Tyler Bush ranks high at national livestock judging contest


Adrienne Lipinksi, Reporter

Tyler Bush has been competing in the world of livestock judging with a goal of winning the high individual title since he was 8 years old, and in November, that goal became reality.  

Bush, along with members of the South Dakota State University’s livestock judging team, competed at the National Collegiate Livestock Judging Contest held by the North American International Livestock Exposition in Louisville, Kentucky. His dream became real when he was awarded the honor of high individual overall and high individual in reasons. The team placed third overall in the contest.  

Originally, Bush was not awarded the title of  high individual. During  a banquet held to announce the winners at the end of the contest. Bush was announced 4th overall. 

The team’s coach Brady Jensen asked him about his scores after. After examining the results packet, Bush felt that there was a mistake, as  the paperwork did not mirror how he thought he did. Not wanting things to be shrugged off, Jensen asked for the results to be checked again.  

“Having Brady go to battle for me to make sure that every stone was flipped and knowing he put himself on the line meant a lot,” Bush, the animal science major from Britton, South Dakota, said.

It was a difficult, yet exciting, three and half hours waiting for them to recalibrate the scores.  

At the end of the day, it was discovered that Bush had won high individual. Though he was “bummed” that he didn’t get his name called in front of the audience with people watching, he was happy it all got fixed.  

“But the team being third, I don’t think anything would probably beat that,” Bush said. 

The contest started out with a tough class, so he worked to get his nerves out by focusing on ending the day on a high note. Bush felt confident his oral reasons for placing the class went well.  

On the collegiate level, participants judge groups of cattle, pigs, sheep and goats. They examine the animals and determine a ranking on what animals are the best based on the animal’s appearance. For example, they look for the quality and structure of animals.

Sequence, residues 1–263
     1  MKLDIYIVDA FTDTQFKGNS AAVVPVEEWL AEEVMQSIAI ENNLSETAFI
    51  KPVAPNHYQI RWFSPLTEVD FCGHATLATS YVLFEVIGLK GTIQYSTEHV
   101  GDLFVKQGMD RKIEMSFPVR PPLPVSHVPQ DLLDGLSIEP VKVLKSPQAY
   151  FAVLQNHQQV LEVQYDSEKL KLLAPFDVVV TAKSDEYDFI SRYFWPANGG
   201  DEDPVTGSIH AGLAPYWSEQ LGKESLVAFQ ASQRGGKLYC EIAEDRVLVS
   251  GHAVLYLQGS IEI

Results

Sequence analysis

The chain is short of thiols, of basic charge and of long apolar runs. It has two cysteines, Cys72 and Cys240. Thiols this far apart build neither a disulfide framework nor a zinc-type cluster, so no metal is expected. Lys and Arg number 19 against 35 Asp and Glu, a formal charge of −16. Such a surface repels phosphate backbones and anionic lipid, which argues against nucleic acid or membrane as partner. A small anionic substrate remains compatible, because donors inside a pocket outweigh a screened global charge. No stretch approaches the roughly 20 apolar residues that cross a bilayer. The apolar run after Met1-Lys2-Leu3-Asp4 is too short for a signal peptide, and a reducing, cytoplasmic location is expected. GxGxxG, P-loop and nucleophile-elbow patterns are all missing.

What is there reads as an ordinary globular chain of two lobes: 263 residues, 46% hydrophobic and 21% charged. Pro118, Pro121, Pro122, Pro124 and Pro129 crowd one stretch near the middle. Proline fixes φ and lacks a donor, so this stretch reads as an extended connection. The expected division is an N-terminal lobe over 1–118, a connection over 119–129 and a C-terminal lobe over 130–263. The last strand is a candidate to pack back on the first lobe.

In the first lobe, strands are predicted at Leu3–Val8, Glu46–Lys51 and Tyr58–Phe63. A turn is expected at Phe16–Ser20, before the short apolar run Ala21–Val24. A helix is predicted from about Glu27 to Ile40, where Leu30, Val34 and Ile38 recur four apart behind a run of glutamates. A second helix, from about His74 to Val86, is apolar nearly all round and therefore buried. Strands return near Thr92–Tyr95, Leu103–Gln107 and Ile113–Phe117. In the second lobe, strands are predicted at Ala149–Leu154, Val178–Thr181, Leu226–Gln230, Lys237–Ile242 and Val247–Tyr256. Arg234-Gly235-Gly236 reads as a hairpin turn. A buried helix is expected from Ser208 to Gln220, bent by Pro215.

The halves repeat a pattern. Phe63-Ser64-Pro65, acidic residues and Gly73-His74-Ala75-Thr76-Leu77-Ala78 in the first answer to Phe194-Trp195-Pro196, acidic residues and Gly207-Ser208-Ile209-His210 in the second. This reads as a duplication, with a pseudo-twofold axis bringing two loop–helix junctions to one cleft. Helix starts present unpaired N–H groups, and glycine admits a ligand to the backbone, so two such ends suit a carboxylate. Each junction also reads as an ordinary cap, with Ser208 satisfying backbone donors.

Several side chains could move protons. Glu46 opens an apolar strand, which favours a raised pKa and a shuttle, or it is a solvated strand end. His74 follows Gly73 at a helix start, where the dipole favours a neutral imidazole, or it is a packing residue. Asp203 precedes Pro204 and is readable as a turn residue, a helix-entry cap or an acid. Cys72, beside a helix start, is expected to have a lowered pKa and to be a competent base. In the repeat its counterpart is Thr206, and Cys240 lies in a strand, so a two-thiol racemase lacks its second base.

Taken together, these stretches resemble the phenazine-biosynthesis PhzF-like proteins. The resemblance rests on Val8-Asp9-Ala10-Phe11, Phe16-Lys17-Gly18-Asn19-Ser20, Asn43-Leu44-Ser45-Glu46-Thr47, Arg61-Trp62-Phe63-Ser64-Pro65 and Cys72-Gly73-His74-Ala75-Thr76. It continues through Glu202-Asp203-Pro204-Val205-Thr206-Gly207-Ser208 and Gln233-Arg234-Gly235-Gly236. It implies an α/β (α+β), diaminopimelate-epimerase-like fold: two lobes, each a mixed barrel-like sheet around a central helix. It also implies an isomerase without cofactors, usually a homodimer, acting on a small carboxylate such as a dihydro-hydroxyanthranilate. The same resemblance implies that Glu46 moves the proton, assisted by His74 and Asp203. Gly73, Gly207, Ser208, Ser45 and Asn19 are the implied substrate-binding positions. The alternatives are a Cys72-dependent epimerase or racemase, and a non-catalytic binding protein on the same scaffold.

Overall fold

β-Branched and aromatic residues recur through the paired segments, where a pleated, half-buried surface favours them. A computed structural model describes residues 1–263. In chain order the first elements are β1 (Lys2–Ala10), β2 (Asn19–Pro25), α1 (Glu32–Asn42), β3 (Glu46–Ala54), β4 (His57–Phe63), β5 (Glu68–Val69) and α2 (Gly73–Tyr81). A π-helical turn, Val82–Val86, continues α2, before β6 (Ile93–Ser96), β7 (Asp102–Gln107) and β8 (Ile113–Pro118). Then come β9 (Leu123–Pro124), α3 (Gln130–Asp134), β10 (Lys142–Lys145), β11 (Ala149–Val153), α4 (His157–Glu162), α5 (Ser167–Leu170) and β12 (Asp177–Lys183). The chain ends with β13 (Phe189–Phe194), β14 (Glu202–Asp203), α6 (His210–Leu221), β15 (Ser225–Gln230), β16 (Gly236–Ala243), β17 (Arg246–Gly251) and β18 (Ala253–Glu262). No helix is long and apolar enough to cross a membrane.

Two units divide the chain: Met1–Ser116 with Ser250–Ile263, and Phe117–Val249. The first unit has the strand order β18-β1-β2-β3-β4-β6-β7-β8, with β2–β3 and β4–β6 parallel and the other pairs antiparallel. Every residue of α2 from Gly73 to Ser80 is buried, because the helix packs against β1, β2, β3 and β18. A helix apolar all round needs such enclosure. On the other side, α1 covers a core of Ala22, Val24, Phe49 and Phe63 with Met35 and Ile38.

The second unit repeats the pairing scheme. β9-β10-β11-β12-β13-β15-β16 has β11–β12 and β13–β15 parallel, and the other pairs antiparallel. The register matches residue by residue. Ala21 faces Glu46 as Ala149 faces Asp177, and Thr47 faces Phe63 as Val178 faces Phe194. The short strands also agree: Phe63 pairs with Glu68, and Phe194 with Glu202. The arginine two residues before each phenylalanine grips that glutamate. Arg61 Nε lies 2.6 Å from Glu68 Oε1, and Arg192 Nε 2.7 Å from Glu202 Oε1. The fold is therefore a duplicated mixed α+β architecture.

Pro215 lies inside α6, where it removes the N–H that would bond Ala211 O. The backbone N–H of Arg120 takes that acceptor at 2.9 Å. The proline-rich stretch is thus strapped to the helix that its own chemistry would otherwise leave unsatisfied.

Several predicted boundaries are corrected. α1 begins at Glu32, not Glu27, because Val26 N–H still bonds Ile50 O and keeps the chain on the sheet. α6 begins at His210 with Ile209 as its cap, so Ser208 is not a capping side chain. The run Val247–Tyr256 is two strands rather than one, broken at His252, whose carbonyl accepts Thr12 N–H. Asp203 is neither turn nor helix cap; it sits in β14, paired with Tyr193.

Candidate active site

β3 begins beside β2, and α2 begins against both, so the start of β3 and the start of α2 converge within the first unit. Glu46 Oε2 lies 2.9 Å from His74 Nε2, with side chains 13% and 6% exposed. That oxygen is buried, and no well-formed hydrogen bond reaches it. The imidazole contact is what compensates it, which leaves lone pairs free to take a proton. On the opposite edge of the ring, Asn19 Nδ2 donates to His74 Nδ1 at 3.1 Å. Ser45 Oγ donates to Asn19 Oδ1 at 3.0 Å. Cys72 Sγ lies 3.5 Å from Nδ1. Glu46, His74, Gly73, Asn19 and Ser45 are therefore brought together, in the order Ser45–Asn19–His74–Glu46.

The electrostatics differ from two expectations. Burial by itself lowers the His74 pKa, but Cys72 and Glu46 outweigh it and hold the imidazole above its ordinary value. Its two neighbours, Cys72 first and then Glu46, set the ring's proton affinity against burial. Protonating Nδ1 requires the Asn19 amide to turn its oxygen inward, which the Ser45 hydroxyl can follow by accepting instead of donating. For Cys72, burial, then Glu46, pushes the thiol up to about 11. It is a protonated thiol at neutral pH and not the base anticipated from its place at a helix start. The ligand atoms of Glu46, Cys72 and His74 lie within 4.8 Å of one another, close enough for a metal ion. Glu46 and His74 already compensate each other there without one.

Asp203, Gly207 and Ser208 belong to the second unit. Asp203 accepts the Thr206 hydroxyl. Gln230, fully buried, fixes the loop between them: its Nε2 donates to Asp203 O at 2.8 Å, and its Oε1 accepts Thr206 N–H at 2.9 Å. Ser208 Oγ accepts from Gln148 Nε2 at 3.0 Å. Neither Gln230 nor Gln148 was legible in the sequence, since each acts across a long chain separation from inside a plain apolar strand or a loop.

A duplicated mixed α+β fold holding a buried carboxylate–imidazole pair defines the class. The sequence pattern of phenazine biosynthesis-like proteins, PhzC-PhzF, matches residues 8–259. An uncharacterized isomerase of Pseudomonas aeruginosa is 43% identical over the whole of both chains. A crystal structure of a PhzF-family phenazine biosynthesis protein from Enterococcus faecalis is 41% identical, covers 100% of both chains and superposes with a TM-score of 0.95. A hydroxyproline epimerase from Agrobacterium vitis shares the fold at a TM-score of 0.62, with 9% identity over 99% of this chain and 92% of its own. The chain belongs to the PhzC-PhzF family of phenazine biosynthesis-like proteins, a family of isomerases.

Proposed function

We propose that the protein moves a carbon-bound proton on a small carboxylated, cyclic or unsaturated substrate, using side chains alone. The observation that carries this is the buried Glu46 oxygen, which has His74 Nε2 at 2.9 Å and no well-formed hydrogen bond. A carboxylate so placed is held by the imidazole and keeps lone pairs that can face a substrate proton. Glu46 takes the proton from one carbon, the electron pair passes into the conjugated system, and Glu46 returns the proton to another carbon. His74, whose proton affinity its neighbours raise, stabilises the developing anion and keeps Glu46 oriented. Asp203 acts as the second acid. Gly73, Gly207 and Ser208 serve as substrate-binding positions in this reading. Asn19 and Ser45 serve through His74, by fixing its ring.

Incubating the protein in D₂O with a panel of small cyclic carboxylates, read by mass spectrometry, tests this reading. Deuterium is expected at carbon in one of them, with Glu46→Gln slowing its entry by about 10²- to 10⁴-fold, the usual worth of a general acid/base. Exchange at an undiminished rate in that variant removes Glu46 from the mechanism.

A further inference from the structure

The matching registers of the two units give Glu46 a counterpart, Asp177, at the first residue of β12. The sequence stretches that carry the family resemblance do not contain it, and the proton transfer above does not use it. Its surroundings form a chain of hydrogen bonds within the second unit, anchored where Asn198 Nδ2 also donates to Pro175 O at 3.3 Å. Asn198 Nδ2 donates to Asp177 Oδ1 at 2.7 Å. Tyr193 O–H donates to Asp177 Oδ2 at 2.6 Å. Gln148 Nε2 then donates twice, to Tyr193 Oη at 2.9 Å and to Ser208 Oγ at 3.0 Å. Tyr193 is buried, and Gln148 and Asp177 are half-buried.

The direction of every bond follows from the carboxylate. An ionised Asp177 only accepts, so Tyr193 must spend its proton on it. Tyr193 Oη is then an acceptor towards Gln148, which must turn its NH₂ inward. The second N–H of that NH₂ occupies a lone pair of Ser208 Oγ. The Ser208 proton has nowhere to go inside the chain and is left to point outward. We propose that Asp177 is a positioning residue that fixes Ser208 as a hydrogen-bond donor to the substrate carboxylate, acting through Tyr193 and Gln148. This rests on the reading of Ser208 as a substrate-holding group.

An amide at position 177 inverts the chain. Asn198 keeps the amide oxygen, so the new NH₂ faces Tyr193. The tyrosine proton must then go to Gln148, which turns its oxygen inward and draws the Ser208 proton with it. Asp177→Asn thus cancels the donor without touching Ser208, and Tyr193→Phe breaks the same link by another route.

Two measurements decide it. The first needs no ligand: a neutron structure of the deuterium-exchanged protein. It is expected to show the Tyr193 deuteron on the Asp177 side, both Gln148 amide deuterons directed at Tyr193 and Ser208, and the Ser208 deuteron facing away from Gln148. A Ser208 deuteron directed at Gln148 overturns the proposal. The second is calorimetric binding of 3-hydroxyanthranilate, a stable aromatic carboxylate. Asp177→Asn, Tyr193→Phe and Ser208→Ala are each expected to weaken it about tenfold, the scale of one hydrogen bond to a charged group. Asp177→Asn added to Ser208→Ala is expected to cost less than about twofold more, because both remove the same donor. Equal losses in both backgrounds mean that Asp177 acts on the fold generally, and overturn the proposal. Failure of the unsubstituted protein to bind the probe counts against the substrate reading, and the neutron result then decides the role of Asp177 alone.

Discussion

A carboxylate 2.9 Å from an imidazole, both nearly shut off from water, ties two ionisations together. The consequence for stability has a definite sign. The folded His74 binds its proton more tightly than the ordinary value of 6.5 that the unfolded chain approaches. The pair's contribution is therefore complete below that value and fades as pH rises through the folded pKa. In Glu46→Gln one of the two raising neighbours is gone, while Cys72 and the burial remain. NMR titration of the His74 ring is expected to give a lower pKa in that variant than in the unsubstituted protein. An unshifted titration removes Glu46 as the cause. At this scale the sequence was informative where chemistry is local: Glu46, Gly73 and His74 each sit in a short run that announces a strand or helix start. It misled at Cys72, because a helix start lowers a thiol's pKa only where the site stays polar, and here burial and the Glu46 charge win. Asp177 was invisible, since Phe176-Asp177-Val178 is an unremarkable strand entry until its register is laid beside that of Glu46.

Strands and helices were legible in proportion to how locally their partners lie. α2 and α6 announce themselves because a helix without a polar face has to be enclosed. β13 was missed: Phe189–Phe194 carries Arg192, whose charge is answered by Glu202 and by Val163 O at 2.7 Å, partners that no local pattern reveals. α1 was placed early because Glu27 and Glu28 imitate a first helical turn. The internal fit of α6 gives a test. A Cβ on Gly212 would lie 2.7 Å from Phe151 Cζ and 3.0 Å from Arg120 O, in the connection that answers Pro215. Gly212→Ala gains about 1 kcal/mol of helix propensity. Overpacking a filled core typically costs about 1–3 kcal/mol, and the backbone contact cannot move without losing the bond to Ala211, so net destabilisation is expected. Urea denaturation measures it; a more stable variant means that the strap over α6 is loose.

Judging has impacted Bush’s life in many ways by teaching him organization, detail, big picture ideas and to appreciate what is good in life. It taught him to approach situations for what they are and to not get sidetracked. After college, Bush plans to go back to his family’s farm; livestock judging will help him check for the quality of his livestock.  

“I tried to make it like every other day by going out there to judge and trusting my instincts, knowing that my coach had us prepared and ready to go for it,” Bush said. 

“It’s a team sport,” Jensen said. Members practice roughly 20 to 30 hours a week, day or night, weekday or weekend. The team will travel to area farms and ranches to practice judging and giving oral reasons. 

Their season starts in January and goes until November, competing in multiple contests with the North American International Livestock Exposition contest concluding their season.  

Team members include Bush, Simon Liggett, Matthew Chaney, Tommy Norman, Brooke Skoglund, Lexi Wetzel and Brittany Morgan. 

Chaney was a high individual in sheep and goats and placed 14th overall. 

Like Bush, Chaney started judging when he was 8 years old. Both expressed their profound appreciation for their coach, family and friends who helped them accomplish what they have in their collegiate careers.  

“This goal could not have been achievable without my team here at SDSU and without their hard work, discipline and dedication to this dream,” Chaney said. “Otherwise it could not have been made a reality.” 

The team has become a second family to Bush because of their time spent together and bond over their passion for judging. 

As a senior, Bush finished his collegiate career on a high note and is looking toward the future. 

He plans to help Jensen coach the new team in the coming months to help them prepare for their seasons. 

January marks the beginning of a new season, and Bush has already gotten his coaching feet wet with the new team, as they just got back from a contest the second week of the month.  

“It was a whole new experience, and I guess to be proud of someone else is cooler than accomplishing something yourself,” Bush said. “I’m really looking forward to watching those kids grow and do successful things.”